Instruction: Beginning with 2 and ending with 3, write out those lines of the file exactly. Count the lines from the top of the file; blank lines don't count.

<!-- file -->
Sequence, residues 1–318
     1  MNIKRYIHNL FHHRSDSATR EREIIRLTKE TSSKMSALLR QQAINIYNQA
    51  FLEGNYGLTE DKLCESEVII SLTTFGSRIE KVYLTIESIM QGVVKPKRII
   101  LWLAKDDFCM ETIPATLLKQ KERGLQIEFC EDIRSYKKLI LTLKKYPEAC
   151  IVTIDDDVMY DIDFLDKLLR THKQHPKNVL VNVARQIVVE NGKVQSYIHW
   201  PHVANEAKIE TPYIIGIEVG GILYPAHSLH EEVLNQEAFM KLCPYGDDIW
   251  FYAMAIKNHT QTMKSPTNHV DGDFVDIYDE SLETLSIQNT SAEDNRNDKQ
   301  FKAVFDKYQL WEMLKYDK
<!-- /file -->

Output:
     1  MNIKRYIHNL FHHRSDSATR EREIIRLTKE TSSKMSALLR QQAINIYNQA
    51  FLEGNYGLTE DKLCESEVII SLTTFGSRIE KVYLTIESIM QGVVKPKRII